Defining a hypothesis is an important step in the scientific method. It is a statement that describes a predicted relationship between two or more variables. A hypothesis is used to guide the design and execution of a study or experiment, and it provides a framework for interpreting the results.
The first step in defining a hypothesis is to identify the problem or question that the study or experiment is trying to answer. This should be a clear and specific question that can be answered through the collection and analysis of data.
Once the problem or question has been identified, the next step is to generate a potential explanation for the problem or question. This explanation should be based on existing knowledge and theories, and it should be testable.
The hypothesis statement should be written in a clear and specific manner. It should state the predicted relationship between the variables and it should be testable. A good hypothesis is one that can be tested through experimentation or observation. In general, you shouldn’t undertake any data analysis (other than understanding data exploring such as understanding descriptive and dispersive statistics) without at least a working hypothesis.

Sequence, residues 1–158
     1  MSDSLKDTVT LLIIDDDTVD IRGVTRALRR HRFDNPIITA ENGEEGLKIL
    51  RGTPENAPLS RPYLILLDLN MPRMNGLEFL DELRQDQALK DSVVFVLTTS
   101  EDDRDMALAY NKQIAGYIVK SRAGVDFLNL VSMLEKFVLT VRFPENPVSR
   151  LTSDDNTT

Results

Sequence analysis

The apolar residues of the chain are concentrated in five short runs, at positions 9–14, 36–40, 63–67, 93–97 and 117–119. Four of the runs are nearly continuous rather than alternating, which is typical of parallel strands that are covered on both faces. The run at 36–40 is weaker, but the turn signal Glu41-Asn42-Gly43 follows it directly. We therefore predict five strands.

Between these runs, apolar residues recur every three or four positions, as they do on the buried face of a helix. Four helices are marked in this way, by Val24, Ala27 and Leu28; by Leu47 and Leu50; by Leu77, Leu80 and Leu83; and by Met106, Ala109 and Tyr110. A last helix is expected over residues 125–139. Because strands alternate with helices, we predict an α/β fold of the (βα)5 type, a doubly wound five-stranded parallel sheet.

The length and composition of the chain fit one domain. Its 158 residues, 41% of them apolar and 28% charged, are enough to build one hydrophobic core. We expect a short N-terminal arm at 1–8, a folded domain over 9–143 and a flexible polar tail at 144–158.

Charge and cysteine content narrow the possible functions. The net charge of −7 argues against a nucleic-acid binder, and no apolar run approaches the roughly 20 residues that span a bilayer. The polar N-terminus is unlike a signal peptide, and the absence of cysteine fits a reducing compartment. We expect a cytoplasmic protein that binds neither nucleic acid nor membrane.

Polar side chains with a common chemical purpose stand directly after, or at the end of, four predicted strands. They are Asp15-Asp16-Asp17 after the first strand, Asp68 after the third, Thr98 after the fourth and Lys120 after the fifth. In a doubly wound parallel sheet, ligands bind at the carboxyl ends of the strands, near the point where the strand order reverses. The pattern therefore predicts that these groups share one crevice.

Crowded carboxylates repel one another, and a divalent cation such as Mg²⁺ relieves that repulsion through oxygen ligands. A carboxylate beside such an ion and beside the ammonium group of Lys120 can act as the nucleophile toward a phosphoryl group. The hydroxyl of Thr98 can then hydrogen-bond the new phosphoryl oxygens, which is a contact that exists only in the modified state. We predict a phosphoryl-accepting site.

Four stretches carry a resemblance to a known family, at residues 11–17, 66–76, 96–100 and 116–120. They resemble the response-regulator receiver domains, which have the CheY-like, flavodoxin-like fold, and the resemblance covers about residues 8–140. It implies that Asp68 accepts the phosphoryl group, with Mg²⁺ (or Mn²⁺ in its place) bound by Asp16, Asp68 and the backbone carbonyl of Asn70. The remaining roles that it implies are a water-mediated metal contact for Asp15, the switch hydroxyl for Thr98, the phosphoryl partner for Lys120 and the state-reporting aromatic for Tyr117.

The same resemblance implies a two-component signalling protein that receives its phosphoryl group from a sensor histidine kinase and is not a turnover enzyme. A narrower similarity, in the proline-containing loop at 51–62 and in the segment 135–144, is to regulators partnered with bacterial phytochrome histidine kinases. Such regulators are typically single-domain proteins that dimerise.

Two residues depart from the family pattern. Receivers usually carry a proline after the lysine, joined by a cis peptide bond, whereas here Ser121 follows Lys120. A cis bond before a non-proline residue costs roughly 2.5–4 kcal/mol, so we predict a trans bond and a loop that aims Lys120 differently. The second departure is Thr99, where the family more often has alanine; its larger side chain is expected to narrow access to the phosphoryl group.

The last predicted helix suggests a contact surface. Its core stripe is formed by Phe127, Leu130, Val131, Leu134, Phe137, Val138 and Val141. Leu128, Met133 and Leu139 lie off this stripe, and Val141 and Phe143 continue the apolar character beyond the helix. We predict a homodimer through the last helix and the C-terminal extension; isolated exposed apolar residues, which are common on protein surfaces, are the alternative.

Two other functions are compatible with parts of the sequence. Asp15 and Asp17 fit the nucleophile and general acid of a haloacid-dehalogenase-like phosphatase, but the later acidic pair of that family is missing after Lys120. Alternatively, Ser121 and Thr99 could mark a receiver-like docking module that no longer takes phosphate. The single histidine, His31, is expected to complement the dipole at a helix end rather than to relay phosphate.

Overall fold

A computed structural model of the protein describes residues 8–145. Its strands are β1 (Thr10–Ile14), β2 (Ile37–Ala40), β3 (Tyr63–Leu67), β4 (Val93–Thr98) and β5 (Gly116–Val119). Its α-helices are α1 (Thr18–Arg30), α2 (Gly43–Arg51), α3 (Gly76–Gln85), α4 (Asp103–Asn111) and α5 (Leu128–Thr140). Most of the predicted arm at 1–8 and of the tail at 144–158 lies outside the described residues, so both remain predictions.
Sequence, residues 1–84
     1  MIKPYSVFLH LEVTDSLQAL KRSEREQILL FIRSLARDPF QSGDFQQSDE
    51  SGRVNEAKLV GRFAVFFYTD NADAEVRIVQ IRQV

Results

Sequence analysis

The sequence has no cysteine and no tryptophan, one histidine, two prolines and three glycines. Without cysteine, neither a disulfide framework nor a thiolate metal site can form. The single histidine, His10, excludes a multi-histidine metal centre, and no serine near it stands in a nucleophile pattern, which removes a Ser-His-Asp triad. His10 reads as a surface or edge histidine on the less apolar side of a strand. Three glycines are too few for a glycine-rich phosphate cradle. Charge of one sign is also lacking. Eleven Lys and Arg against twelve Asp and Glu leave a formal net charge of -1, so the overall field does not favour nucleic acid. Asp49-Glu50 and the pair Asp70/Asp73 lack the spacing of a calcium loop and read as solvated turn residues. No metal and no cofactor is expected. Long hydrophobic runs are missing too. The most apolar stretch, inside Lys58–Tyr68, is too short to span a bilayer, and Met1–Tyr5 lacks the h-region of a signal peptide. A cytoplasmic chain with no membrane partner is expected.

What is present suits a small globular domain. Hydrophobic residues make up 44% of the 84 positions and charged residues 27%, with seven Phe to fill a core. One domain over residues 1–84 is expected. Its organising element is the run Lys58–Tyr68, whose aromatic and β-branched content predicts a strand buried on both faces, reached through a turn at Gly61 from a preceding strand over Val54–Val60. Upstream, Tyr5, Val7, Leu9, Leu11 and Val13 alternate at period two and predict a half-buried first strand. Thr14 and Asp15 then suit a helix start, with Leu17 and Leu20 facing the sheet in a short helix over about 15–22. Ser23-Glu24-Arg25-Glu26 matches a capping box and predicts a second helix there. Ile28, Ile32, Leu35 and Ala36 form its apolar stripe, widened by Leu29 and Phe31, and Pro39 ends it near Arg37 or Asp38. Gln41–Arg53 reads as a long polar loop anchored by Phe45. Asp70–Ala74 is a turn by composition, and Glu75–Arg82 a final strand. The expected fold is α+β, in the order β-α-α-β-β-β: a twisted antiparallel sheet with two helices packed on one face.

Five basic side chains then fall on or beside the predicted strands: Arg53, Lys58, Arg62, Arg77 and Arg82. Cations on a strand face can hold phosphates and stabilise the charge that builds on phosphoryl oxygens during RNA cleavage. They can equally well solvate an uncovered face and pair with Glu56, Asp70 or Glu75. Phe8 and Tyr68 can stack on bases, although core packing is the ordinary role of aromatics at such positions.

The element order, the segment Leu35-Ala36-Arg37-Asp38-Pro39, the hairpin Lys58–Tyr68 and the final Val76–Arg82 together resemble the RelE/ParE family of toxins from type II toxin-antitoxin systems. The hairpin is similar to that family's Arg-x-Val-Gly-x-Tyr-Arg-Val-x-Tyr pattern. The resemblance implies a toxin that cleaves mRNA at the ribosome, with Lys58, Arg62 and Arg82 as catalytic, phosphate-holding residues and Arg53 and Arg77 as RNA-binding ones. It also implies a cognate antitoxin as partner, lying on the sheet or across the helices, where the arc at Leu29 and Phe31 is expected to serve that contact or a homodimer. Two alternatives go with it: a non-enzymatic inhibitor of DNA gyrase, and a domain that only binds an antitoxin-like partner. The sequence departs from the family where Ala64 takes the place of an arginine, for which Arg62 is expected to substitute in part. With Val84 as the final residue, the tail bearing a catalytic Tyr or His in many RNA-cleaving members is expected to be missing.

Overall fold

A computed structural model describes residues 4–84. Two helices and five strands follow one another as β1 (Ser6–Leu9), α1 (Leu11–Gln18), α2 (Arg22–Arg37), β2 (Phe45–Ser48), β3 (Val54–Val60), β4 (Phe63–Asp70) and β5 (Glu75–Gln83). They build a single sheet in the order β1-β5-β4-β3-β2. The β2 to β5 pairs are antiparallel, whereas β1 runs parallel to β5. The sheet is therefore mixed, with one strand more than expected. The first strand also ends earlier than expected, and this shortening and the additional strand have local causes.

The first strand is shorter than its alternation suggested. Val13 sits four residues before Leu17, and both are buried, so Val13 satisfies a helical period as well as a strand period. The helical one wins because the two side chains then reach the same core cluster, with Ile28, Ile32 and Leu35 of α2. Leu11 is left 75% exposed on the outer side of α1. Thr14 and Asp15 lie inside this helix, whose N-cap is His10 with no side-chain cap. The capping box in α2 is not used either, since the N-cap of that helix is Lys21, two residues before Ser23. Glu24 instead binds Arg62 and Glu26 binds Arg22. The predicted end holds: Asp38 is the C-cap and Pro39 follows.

For example, if a researcher wants to test if a new drug is effective in reducing blood pressure, the null hypothesis would be that the drug has no effect, while the alternative hypothesis would be that the drug does have an effect.
It's important to note that a hypothesis is not a guess, but it's a statement that can be tested through scientific methods. It's also important to be clear about the independent and dependent variables, and the direction of the effect.
Generating a hypothesis might sound intimidating but it’s a vital step in data science and in DDDM more broadly. A solid working hypothesis provides the basis for you to understand if your actions work if they are simply down to chance.